Stability of rapid maxillary expansion and facemask therapy: a long-term controlled study

Caterina Masucci, Lorenzo Franchi, Efisio Defraia, Manuela Mucedero, Paola Cozza, Tiziano Baccetti
American Journal of Orthodontics and Dentofacial Orthopedics 2011, 140 (4): 493-500

INTRODUCTION: The aim of this prospective controlled study was to evaluate the long-term effects of rapid maxillary expansion and facemask therapy in Class III subjects.

METHODS: Twenty-two subjects (9 boys, 13 girls; mean age, 9.2 years ± 1.6) with Class III disharmony were treated consecutively with rapid maxillary expansion and facemask therapy followed by fixed appliances. The patients were reevaluated at the end of the 2-phase treatment (mean age, 14.5 years ± 1.9) and then recalled about 8.5 years after the end of rapid maxillary expansion and facemask treatment (mean age, 18.7 years ± 2.1). Two groups of controls with untreated Class III malocclusion were used for statistical comparisons of the short-term and long-term intervals. Statistical comparisons were performed with the Mann-Whitney U test.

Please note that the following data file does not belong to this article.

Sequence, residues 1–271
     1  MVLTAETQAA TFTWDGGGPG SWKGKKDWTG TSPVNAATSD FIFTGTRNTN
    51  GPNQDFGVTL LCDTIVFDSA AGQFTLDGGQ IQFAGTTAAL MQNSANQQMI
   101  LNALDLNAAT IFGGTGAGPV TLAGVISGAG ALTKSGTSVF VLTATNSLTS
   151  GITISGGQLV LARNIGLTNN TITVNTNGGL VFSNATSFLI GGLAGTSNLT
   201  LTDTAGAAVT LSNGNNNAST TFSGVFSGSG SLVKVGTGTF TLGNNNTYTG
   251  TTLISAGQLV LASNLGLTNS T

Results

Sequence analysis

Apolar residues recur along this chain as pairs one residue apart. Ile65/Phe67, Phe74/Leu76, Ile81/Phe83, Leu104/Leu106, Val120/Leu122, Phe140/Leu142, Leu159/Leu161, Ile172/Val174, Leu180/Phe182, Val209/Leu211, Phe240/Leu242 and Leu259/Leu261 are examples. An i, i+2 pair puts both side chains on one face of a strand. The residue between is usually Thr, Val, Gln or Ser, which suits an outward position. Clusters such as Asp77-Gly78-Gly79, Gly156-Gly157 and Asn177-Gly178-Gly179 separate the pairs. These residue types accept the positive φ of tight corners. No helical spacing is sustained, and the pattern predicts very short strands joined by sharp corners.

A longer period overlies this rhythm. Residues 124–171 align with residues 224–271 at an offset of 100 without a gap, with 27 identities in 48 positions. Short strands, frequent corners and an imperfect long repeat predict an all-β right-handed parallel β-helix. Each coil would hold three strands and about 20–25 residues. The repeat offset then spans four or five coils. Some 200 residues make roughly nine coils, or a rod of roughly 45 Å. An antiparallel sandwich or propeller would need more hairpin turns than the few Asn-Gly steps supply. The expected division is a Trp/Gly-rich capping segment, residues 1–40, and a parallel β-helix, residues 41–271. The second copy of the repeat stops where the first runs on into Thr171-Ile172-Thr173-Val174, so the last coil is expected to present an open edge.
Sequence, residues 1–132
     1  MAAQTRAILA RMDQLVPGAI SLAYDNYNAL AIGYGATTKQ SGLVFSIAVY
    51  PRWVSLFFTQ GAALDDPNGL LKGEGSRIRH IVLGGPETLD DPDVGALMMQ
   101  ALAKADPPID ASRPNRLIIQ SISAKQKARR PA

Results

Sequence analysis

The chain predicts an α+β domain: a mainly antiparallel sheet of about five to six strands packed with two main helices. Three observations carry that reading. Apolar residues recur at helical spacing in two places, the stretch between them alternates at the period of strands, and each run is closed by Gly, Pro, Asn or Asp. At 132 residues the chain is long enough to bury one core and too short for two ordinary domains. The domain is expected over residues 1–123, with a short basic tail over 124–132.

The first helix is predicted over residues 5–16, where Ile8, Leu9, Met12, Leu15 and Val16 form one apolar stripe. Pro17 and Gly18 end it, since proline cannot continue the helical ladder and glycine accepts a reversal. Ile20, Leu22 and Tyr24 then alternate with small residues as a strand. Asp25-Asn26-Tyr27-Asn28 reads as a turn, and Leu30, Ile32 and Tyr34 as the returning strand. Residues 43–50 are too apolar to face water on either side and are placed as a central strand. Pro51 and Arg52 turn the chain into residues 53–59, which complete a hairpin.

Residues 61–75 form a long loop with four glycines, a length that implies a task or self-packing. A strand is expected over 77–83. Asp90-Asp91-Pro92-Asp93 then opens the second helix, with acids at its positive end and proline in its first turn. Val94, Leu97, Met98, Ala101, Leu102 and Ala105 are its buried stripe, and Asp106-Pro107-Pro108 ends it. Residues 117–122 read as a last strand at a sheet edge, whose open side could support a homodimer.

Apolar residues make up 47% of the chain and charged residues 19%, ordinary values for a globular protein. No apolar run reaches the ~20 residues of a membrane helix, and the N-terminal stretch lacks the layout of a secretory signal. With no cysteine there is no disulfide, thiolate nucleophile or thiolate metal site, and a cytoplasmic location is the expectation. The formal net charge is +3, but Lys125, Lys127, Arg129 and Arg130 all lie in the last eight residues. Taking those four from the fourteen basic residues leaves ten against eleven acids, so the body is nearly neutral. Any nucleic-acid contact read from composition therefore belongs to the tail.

RESULTS: In the long term, no significant differences in maxillary changes were recorded, whereas the treatment group showed significantly smaller increases in mandibular protrusion. The sagittal maxillomandibular skeletal variables maintained significant improvements in the treatment group vs the control groups.

CONCLUSIONS: In the long term, rapid maxillary expansion and facemask therapy led to successful outcomes in about 73% of the Class III patients. Favorable skeletal changes were mainly due to significant improvements in the sagittal position of the mandible.

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